What is Demand (kW)?

Demand is the rate at which a member uses electric energy. A kW is 1000watts, and a kWh represents a 1kW used over 1 hour. Two members can use the same amount of energy, but one might use it slowly (for example, 1kW over the course of an hour) and the other much faster (for example, 1kW in 15 minutes). The first member put 1 kW of demand on our system; the second put 4 kW of demand, since they used the energy 4 times faster. 

Here are a couple of good everyday analogies that might help in understanding electric demand vs. energy:


To fill a bucket with water, one can use an inexpensive hose connection that provides 1 gallon of water per minute, or one can use a more expensive large faucet that provides 5 gallons per minute. The flow rate is equivalent to demand, and the amount of water in the bucket is equivalent to consumption. Each bucket has the same amount of water, but one was filled 5 times faster. This is like two members using the same number of kWh, but putting different demands on the system.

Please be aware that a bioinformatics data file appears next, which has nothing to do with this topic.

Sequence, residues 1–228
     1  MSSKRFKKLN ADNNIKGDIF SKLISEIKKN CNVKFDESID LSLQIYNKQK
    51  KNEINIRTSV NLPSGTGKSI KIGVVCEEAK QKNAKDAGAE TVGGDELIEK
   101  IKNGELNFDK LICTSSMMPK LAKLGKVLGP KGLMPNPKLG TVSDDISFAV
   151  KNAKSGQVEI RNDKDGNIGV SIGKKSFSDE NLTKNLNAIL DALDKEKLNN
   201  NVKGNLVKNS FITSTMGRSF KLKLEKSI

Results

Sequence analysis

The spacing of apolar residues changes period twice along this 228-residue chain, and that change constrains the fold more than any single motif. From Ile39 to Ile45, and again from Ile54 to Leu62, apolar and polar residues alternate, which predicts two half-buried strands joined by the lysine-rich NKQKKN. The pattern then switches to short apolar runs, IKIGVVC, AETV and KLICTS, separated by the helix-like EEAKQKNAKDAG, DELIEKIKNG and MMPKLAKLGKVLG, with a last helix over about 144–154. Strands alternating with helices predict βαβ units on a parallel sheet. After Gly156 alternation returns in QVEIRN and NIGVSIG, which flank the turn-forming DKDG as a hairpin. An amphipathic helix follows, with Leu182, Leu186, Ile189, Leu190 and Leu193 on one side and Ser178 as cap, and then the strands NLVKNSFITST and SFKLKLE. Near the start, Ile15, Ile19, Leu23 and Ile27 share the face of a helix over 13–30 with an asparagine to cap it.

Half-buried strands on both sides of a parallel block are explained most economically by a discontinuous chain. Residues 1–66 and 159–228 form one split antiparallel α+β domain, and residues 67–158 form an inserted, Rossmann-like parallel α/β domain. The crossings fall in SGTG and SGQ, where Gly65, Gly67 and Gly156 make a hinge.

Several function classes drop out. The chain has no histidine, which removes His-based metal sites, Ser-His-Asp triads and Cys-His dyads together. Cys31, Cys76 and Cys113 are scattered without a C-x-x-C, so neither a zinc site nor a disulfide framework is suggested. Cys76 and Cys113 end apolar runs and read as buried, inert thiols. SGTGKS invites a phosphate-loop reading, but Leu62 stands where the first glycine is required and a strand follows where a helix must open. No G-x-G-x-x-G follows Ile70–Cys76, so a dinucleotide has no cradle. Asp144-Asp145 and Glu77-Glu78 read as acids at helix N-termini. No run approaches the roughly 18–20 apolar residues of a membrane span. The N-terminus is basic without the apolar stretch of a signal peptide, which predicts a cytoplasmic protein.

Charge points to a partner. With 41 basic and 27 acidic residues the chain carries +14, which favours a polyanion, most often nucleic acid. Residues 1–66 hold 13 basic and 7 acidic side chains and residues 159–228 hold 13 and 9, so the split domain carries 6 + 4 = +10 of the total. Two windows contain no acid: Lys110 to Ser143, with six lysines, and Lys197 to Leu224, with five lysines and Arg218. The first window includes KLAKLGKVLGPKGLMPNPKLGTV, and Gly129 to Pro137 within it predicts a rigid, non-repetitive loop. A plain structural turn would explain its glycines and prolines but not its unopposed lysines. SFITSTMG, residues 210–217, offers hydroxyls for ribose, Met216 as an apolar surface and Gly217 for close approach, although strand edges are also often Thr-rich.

A car's speedometer is analogous to the demand and the odometer to the total amount of energy consumed. Two cars could travel the same distance, one at 30 mph for 10 hours and the other at 60mph for 5 hours. To power the car to sustain the faster speed takes a much more capable and expensive engine than it does to power the one going slower.


What is the Demand Charge?

Demand charges are set to recover the costs associated with fixed capacity-related distribution equipment and/or wholesale purchased power. These costs are not associated with the number of customers using energy over time. Rather, they are a function of sizing the equipment to meet a member's peak demand, or maximum usage at a specific point in time. Costs to build and maintain a distribution substation would be an example of capacity-related fixed costs, as well as the remaining fixed costs to purchase, operate and maintain lines and transformers not already recovered in the monthly flat Service Access Charge.*

 *The flat monthly Service Access Charge recoups consumer-related fixed costs. The total costs to purchase, operate, and maintain lines and transformers are in part consumer-related because they exist due to a cooperative having to connect/serve a member. They are also in part capacity-related, because they exist due to a member needing equipment of a certain size to meet their maximum load requirements.

Tip: Members with demand charges should stagger their usage. For instance, turn units on in 15 minute increments.